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Lawrence Pitre: An Artist of Our Times

Updated: Feb 2

Lawrence Pitre will be presenting his art at our monthly community meeting Wednesday, February 7 at 7pm, Grace United Methodist Church 720 30th Ave. S 98144.


Lawrence Pitre is an artist for our times. His artwork brings together people at a time when everybody seems to be isolating themselves into separate identities and those identities are fragmented as well.

For his long series of paintings called “Who We Are” (visible in a small version at 12th and Yesler), Pitre did a lot of research to find many aspects of the history of the Central District that have not been acknowledged in art before.


Lawrence Pitre. “Seattle Curtain Manufacturing Co. 1960, operated by the Capeluto family which produced custom textiles for nearly nine decades, despite the restrictive covenants in the Central Area” from the series “We Are One.” 30x24in acrylic painting done on canvas.

He begins with Chief Seattle but comes back to Indigenous peoples later in the series. We see the effort to assimilate Native Americans in boarding schools and the Duwamish in 1890 preserving their culture.


He then depicts the Denny family and the Yesler lumber mill (called Skid Row, because the logs were “skidded” to the water).


Pitre moves on from the founding white families to Chinese Coal miners and Japanese Farmers. He depicts Jewish and Chinese grocery store owners, Filipinos and Irish.


Another focus is individuals like the Gang of Four, (Roberto Maestas, Bernie Whitebear, Bob Santos, and Larry Gossett).


Pitre based one panel on a photograph of James W. Washington, Jr. with his Fountain of Triumph sculpture (recently restored and now at 24th and Union). Others feature Bruce Lee, De Charlene and Earl’s Cuts and Style as well as his own parents.


Several panels address gentrification, and inequity particularly in housing, but there are also celebratory subjects like a Japanese Wedding.


Pitre grew up not far from all of these places. His trajectory to become an artist is unusual and reminds us of the privilege especially white artists enjoy in gaining access and opportunity. At an art class his teacher singled him out and he did go to the UW School of Art where he was fortunate to take classes with Jacob Lawrence. Lawrence said to him “promise me you won’t ever quit.” There is an affinity with Lawrence’s “Migration” series, but Pitre’s paintings are larger in scale and focus on Seattle as an immigration hub for many different ethnic groups.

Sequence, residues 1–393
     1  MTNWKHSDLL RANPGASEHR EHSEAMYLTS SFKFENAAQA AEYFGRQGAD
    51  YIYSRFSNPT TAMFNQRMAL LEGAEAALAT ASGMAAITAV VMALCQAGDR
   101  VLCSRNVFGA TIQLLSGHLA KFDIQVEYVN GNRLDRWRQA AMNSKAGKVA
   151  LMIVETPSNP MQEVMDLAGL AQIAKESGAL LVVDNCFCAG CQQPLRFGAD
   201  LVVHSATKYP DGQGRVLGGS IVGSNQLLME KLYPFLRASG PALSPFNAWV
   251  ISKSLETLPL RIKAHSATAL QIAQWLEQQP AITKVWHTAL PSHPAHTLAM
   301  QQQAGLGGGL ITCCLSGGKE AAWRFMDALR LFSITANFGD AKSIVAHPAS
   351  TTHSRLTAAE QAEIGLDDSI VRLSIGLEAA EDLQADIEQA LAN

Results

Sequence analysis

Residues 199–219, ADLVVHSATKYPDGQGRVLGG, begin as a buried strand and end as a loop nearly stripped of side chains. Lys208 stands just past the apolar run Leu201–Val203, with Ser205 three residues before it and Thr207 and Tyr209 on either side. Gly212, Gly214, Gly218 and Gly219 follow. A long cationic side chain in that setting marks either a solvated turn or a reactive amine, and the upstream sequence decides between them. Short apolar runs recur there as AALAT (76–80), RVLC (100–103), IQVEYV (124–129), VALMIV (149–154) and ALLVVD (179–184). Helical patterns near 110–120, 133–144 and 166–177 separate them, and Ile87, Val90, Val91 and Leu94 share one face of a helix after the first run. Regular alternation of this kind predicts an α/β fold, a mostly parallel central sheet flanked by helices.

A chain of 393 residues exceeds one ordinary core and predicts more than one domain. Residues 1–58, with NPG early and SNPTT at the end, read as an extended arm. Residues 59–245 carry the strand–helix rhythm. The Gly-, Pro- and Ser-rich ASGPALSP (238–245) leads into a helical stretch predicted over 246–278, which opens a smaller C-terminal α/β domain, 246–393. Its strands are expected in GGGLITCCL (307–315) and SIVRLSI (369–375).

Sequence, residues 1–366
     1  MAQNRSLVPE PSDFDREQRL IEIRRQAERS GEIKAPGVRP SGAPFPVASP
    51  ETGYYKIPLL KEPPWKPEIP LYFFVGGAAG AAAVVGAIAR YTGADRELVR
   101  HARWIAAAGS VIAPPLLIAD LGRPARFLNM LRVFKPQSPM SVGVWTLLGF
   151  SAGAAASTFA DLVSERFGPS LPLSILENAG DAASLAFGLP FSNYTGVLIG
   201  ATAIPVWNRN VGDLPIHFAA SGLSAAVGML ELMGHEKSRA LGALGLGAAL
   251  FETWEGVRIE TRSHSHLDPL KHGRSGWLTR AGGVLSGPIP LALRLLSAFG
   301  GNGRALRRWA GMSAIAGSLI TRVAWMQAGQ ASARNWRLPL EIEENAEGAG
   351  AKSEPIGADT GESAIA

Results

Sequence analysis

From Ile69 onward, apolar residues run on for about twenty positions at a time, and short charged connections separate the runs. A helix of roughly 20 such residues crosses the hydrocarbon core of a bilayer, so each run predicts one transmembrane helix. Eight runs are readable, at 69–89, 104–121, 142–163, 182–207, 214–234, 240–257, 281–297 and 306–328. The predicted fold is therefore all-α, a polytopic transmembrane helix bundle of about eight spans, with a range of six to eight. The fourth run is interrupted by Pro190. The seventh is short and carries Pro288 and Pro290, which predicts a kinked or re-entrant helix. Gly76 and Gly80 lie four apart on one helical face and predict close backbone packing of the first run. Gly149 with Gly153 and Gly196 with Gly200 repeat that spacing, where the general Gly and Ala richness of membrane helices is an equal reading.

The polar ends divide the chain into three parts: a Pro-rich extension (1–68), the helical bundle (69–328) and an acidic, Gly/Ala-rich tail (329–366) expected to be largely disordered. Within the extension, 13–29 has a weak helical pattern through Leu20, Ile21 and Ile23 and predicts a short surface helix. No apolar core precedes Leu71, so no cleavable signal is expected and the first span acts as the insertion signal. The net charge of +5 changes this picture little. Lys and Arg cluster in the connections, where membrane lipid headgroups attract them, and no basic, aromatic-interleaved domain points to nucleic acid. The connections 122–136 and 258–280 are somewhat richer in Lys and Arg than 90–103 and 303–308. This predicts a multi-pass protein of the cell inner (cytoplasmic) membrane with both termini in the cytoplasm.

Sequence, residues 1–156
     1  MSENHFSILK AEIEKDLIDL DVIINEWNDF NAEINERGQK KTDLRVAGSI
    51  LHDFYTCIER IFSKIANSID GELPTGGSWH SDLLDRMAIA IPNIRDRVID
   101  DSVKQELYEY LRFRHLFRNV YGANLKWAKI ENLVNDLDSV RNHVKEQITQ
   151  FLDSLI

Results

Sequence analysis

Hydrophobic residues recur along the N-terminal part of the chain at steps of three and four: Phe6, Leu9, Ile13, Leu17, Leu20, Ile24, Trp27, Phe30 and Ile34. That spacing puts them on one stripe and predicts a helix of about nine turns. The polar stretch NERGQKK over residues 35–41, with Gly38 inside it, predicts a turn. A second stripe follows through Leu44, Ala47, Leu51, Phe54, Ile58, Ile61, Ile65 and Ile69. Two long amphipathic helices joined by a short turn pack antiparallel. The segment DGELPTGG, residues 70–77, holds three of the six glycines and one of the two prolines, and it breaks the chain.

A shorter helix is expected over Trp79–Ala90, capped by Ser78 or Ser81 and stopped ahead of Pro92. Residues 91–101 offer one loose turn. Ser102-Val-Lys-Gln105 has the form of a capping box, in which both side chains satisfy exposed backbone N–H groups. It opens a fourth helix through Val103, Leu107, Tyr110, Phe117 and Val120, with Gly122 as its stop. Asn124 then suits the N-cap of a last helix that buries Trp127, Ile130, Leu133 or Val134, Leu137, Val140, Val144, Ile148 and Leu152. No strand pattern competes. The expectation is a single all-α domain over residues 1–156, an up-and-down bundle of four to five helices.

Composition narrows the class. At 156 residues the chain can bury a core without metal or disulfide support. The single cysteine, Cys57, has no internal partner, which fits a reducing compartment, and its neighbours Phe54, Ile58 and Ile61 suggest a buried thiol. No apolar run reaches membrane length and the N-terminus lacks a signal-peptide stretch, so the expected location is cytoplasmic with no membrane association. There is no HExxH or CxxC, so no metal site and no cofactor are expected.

Pitre tried to find work in the arts in the 1980s, graphic design on a Mac, but nothing worked out, so he joined the military for 13 years: he had three deployments to Iraq and even volunteered to go there! Fortunately, he came back whole. Then he worked for the Veteran Benefit Administration for 10 years

He took art classes toward a Masters at Seattle University because his children nagged him into it. As a thesis project he proposed “How does art affect communities?” and that was the springboard for his work.


In addition to the series “We Are One,” he is currently working on 14 signs for a path in Beer Shiva Park in Rainier Valley, scheduled to open to the public this spring. In another project he worked with Hawthorne Elementary School students. Each grade level was asked “what does culture mean to you and your family.” He put their drawings on a canvas which now hangs over the library door. A project for the new Africatown apartment building on 23rd is also in progress and he has completed a work for the Bob Santos building in the International District.


“Jazz,” a large 3 panel work, appears as you enter the parking garage for the Amazon grocery store at 23rd and Jackson (which sadly is supposed to make up for destroying the beloved Red Apple that was there for so many years – the subject of another one of Pitre’s panels). As you go into the garage (I walked in), you can easily see his multi-panel series, with the theme of music that honors a few of the many musicians who performed in this area.


Pitre has created more than ten different series each one with twelve works, including recently the “Stations of the Cross.” He also experiments with different media such as painting on burlap or compost (!).


Pitre is an artist who brings communities together and thinks about the place of art in our lives. What a wonderful endeavor. Lawrence Pitre shares both the joys and sorrows of urban life.


~Susan Platt, PhD www.artandpoliticsnow.com

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